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Inquiring on Alignment of Types or Variables

The keyword __alignof__ allows you to inquire about how an object is aligned, or the minimum alignment usually required by a type. Its syntax is just like sizeof.

For example, if the target machine requires a double value to be aligned on an 8-byte boundary, then __alignof__ (double) is 8. This is true on many RISC machines. On more traditional machine designs, __alignof__ (double) is 4 or even 2.

Some machines never actually require alignment; they allow reference to any data type even at an odd addresses. For these machines, __alignof__ reports the recommended alignment of a type.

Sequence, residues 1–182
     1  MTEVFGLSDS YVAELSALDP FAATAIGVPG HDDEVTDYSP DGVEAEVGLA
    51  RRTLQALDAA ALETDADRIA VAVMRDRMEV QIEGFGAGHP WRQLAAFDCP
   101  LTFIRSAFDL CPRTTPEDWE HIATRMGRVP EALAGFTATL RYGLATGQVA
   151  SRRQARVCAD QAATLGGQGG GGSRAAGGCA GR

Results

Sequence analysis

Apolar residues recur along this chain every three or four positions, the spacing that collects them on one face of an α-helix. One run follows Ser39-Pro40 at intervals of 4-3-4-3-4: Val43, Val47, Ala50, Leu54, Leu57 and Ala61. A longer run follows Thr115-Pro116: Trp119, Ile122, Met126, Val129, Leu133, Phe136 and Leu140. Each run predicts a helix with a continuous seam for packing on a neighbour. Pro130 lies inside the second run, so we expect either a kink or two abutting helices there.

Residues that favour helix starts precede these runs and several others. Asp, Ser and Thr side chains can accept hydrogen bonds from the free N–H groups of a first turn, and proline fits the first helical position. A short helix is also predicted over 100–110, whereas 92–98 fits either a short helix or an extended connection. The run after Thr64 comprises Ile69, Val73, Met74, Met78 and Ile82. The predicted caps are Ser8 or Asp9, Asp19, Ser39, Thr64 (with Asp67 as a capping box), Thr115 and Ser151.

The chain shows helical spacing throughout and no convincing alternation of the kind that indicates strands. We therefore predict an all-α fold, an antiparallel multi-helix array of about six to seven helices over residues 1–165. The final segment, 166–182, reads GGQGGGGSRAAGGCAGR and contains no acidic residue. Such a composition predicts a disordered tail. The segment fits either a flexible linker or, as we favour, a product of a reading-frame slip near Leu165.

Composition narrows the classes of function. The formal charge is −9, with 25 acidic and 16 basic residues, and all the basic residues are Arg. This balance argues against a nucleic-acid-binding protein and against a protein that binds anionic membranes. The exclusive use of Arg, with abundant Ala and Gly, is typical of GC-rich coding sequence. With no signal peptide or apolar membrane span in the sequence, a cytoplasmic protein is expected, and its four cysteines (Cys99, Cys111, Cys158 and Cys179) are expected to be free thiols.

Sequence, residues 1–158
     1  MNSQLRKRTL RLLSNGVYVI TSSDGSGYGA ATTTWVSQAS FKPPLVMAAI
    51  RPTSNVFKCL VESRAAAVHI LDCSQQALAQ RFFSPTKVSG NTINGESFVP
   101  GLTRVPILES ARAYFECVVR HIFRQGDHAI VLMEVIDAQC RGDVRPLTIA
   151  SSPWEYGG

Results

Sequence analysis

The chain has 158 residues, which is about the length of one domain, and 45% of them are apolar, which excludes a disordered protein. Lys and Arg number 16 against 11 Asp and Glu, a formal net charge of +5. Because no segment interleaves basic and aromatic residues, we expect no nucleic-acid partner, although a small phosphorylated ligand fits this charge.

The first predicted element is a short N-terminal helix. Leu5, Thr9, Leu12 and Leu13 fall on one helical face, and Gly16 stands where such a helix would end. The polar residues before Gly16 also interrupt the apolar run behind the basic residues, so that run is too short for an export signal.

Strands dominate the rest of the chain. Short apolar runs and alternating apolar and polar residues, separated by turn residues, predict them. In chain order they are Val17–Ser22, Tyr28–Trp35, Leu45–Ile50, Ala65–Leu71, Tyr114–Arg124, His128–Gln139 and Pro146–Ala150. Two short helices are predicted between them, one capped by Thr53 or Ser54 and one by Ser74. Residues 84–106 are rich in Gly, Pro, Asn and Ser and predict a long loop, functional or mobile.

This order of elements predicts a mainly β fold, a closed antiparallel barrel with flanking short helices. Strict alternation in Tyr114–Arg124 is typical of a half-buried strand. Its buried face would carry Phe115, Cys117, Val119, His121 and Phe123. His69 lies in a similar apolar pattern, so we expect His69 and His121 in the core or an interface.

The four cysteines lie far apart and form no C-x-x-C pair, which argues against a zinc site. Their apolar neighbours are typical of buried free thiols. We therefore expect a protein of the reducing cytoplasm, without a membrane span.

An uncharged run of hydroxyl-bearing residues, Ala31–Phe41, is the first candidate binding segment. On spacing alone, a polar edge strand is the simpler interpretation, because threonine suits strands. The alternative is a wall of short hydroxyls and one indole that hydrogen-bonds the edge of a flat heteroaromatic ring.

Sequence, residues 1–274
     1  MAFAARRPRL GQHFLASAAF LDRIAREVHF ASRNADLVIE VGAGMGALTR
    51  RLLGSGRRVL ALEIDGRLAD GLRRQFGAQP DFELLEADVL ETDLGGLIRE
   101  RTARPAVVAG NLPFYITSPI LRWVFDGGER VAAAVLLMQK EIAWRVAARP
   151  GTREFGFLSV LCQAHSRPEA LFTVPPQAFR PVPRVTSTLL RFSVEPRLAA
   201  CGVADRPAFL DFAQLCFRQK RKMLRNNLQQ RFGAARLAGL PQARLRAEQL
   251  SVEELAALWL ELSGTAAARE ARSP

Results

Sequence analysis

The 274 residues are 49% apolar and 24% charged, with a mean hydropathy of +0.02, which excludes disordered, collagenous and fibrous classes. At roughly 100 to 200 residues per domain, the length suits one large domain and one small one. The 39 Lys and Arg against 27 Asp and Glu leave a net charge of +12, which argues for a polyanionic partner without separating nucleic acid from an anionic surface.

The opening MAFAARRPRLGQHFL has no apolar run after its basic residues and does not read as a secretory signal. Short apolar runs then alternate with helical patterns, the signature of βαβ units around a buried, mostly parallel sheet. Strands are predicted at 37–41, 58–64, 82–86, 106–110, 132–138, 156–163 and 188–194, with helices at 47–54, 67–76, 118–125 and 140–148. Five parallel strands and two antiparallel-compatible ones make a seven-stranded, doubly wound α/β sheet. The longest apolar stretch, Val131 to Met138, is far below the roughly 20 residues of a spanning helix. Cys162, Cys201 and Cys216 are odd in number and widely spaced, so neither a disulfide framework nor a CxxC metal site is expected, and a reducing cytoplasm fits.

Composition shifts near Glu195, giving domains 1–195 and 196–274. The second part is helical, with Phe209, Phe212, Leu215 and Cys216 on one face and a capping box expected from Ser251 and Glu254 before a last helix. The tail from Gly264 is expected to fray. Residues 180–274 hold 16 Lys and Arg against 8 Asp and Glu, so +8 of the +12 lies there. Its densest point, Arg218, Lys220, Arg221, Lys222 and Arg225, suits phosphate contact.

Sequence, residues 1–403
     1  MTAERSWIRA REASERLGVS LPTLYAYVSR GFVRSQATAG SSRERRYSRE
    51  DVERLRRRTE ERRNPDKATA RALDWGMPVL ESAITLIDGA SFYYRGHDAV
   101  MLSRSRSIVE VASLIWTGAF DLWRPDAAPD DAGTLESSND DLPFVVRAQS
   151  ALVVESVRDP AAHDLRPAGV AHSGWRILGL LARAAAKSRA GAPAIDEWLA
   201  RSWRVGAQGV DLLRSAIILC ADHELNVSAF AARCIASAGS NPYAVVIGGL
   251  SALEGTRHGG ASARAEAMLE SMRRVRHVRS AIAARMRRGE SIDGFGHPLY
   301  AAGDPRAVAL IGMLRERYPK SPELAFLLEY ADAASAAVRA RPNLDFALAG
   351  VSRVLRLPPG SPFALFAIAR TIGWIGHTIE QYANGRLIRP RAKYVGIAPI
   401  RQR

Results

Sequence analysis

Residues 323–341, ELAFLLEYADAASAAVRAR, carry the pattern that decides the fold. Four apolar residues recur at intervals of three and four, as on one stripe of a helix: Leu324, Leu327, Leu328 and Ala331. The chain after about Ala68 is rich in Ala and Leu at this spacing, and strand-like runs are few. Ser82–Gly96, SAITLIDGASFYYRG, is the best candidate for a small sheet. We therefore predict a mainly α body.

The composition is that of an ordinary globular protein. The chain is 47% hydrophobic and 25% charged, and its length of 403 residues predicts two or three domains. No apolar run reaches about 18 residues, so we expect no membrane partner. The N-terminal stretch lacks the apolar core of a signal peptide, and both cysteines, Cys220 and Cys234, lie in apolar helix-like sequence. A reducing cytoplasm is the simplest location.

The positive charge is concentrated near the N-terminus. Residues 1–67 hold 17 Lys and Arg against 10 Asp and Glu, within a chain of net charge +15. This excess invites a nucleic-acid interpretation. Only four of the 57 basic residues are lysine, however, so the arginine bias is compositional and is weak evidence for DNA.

When the operand of __alignof__ is an lvalue rather than a type, the value is the largest alignment that the lvalue is known to have. It may have this alignment as a result of its data type, or because it is part of a structure and inherits alignment from that structure. For example, after this declaration:

struct foo { int x; char y; } foo1;

the value of __alignof__ (foo1.y) is probably 2 or 4, the same as __alignof__ (int), even though the data type of foo1.y does not itself demand any alignment.

A related feature which lets you specify the alignment of an object is __attribute__ ((aligned (alignment))); see the following section.

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